Scientists at Cal State Long Beach's Shark Lab say the baby and juvenile great white sharks that have prompted beach closures along the Southern California coast over the past few years are leaving the area for warmer waters.
Beachgoers should see fewer great white sharks off the coast this winter, according to the lab's director Chris Lowe.
The young sharks had lingered in the area while El Niño kept temperatures higher than normal in coastal waters, but now are apparently migrating south to a warmer climate in Baja California, the lab's tracking data shows.
Many, but not all, of the 38 sharks tagged by the research group likely went south, and scientists have already noticed a sharp decline in shark activity along beaches in Los Angeles and Orange counties in recent weeks, Lowe said.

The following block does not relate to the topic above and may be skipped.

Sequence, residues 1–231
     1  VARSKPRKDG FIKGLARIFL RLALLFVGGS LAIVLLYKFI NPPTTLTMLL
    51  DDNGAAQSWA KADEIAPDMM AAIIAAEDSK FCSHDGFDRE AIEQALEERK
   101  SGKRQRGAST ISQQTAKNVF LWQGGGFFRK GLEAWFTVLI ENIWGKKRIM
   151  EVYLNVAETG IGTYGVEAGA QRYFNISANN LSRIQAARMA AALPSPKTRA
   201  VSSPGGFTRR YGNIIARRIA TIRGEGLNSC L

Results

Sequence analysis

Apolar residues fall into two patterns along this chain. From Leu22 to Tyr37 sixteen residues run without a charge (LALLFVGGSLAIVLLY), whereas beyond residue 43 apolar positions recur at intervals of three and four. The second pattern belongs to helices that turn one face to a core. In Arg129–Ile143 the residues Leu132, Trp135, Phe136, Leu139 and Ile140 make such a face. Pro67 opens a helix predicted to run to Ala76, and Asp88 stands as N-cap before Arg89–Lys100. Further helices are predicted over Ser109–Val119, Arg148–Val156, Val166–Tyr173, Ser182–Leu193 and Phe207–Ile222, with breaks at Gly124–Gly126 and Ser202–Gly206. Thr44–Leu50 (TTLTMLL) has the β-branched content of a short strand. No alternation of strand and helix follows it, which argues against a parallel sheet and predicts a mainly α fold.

Either way, residents shouldn't stay away from the beach because of the sharks, he added.
"There’s no indication that these young sharks really pose a threat,” Lowe told KTLA.
The juveniles primarily feed off the ocean floor, preferring creatures like stingrays and flat fish. “That’s the bulk of their diet at these sizes,” he said.
Adult great whites, meanwhile, are heading to Nothern California and the Channel Islands, where elephant seals giving birth to their young present better feeding opportunities for them, according to Lowe.
On Friday, a fisherman in Pebble Beach was badly injured when his thigh was bitten by a creature authorities identified as a shark. Officials had not yet determined that shark's species.